It’s been a while!! Sorry for my long absence to anyone who’s been tuning in regularly. My only excuse is that I have been training really hard and have lacked both the time and motivation to put pen to paper. But, I am back, and will try my best to set aside time weekly in which to keep things up to date. First off, I arrived in beautiful Tucson Arizona 21 days ago on February 13th. Coming from the extremely cold temperatures we’ve been experiencing in Hamilton, it was a complete shock. I had a perma-smile on my face for at least the first three days. Going from spending 23 hours per day indoors under artificial light to being able to run in shorts and a t-shirt can best be described as a euphoric experience. Here is a picture I took on the first day and sent to my girlfriend to make her jealous (sorry babe!):
Training has been going really well. I just finished an 18 day block that I think it’s safe to say was the hardest 18 days I have ever put in. I am now on a 5 day recovery period, and on Sunday I will commence another 18 day block. One thing I have been interested in testing is how much slower or faster my new bike position is. Unfortunately, I have yet to have someone snap a bike shot of me outside in the TT position, but here is a picture of me indoors in my new position, followed by me last year (in what I think to be a much less aerodynamic position):
Using a free protractor tool, it appears my chin has dropped by about 5 degrees when measured from the centre of my hip. This means I have almost halved this space. In other words, much more of my mass is centred behind my head, and thus less surface area is hitting the wind. I figured I would see some “free” gains once I got out on the roads, but I wasn’t sure how much. On February 15th, my first goal was to see what a decent wattage output was good for. So, I decided to push 270w for 95 minutes and see what it got me. I did an out and back with a gradual uphill most of the way. Here is the results from the ride:
I was quite pleased. Usually to average 40kph I would have to push at least 300w. A friend of mine had told me that at about 155-160 lbs, with decent aerodynamics, you should be going around 40kph at about 270w. Thus, people have often been skeptical of my power numbers (including myself). In this ride I averaged 40.6kph at a 270w output. I should mention that this ride was extremely uncomfortable, as I had been spending very little time in the aero-position up to this point. In a previous post I was asked a question as to why I don’t do my indoor workouts in the aero-position and I said that I am more concerned with the physiological stimulus, and later I will worry about adapting to the aero position. I still feel that this is important, but next winter I will definitely do a lot more workouts in the aero-position, as these past three weeks have been a huge shock to the system. But, I have begun to adapt. For instance, in my long ride last week (about 3 hours 10 minutes in duration) I averaged 276w for twice as long as the aforementioned ride, and yet my heart rate average was only 120BPM i.e. 14BPM lower than it was over a 95 minute duration, nine days previous. I would attribute this drop almost entirely to becoming more comfortable in the aero-position:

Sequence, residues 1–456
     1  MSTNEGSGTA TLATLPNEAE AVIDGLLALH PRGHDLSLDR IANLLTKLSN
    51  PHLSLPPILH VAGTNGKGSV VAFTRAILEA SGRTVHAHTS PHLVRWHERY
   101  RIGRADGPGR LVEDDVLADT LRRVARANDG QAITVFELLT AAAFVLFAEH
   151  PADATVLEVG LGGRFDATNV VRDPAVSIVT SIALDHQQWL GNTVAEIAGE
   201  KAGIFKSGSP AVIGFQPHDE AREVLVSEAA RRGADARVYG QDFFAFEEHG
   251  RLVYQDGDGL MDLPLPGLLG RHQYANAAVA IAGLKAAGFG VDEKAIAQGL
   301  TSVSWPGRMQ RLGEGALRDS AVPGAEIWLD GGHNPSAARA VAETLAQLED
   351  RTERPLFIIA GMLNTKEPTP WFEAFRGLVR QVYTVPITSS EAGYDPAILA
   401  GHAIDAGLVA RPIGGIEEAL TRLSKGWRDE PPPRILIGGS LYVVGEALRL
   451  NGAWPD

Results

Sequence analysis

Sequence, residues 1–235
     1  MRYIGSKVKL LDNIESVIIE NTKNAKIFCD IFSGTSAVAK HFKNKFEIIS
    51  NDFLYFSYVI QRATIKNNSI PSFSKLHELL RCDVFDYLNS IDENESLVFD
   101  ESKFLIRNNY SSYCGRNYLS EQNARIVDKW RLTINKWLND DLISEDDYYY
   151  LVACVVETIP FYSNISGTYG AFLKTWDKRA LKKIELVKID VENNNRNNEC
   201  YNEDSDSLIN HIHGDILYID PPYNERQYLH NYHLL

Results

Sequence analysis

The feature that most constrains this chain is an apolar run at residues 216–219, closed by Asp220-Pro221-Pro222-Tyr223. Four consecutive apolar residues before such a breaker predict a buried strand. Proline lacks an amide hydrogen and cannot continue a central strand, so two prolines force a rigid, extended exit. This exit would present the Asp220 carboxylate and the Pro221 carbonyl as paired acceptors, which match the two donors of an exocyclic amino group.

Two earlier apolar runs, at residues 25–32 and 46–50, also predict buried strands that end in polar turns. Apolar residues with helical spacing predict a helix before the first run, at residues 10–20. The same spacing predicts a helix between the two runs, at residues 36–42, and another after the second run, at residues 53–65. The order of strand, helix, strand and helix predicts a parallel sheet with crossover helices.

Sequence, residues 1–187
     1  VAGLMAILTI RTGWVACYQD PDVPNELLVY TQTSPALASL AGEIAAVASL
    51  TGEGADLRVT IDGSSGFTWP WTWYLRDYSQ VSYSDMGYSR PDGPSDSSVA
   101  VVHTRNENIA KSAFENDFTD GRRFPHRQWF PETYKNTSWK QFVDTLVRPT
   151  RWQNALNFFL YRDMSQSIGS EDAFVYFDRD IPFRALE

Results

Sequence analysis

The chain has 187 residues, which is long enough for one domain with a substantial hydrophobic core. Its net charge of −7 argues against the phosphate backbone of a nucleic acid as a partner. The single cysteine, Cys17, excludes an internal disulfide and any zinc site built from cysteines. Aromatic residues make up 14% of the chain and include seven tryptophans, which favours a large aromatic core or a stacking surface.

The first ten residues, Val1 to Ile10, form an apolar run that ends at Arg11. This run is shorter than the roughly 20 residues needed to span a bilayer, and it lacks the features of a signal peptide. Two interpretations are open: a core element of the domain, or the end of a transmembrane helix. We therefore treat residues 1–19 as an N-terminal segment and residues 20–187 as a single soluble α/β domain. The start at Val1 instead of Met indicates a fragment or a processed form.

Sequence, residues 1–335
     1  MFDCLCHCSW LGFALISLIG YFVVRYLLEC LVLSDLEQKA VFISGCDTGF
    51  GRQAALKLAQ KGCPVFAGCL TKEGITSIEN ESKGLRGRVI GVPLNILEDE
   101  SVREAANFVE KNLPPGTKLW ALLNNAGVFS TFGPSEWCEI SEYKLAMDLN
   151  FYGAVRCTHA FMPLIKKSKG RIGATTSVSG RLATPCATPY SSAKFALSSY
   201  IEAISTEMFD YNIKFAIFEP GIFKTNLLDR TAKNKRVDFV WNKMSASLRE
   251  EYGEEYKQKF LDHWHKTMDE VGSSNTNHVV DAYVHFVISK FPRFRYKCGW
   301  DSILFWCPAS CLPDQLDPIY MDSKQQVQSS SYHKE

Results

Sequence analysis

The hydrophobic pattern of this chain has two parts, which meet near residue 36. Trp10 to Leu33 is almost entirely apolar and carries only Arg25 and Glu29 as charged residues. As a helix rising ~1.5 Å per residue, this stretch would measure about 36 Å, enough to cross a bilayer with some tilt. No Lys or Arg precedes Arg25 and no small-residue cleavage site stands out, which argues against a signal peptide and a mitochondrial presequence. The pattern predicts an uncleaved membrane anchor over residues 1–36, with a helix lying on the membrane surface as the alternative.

My running is coming along nicely as well. As promised, here is some Garmin data from an outdoor workout (Thanks to Erin for my sick new watch!):
The total volume of the workout was 24 kilometers. I started with a 5k warmup. Then we (John Rasmussen and myself) descended three by a kilometer on two minutes recovery. They were: 3:10, 3:08, 3:06. Then I went straight into three by three kilometers on three minutes recovery. The first and last interval I intended on doing at threshold pace, and the middle 3k I intended on doing at 70.3 race pace. The times were: 9:24, 9:51, 9:17. I then cooled down for 5k. Considering I was 14 days into a hard training block by that point, I was happy with the result. Things are moving in the right direction with regards to running.
As for swimming, I am excited to announce my partnership with Miguel Vadillo, as my new coach. He was the 44th person to swim across Lake Ontario. Additionally, he was one of the top ranked Mexican swimmers and pentathletes (in the world!) in the early 90s. We have encountered each other many times in the past through C3 functions, but it wasn’t until I experienced his coaching here in Tucson that I knew he was the coach for me. His philosophy makes total sense to me, and he is very good at giving you drills and explanations that make you see the light of the importance of a particular element of the stroke for yourself. In other words, you are not doing something just because coach told you to, but because you truly believe you need to be working on that aspect as well. That to me is the mark of a good coach! In just a few sessions Miguel has been able to pick out many aspects of my stroke that need working on, and has been able to give me drills that make sense with regards to correcting those inefficiencies. Needless to say, I am very excited for this partnership!
All in all, training is going well and I am having an awesome time in Arizona. Of course, this wouldn’t be possible without the support of Richard Kniaziew, Cycle Culture, C3-Kinetico, Louis Garneau, Eload, Saucony, Nineteen and CompuTrainer. Without your support this would all still be just a dream in my head! I should mention, that I am now enrolled in Ironman 70.3 Texas on April 6th, so I will be having my outdoor season opener in under a month. But I will post more on this as the time approaches. Thanks for reading and following! I promise to write the results from my swim experiment very soon!!! Here’s a pic in all my LG gear: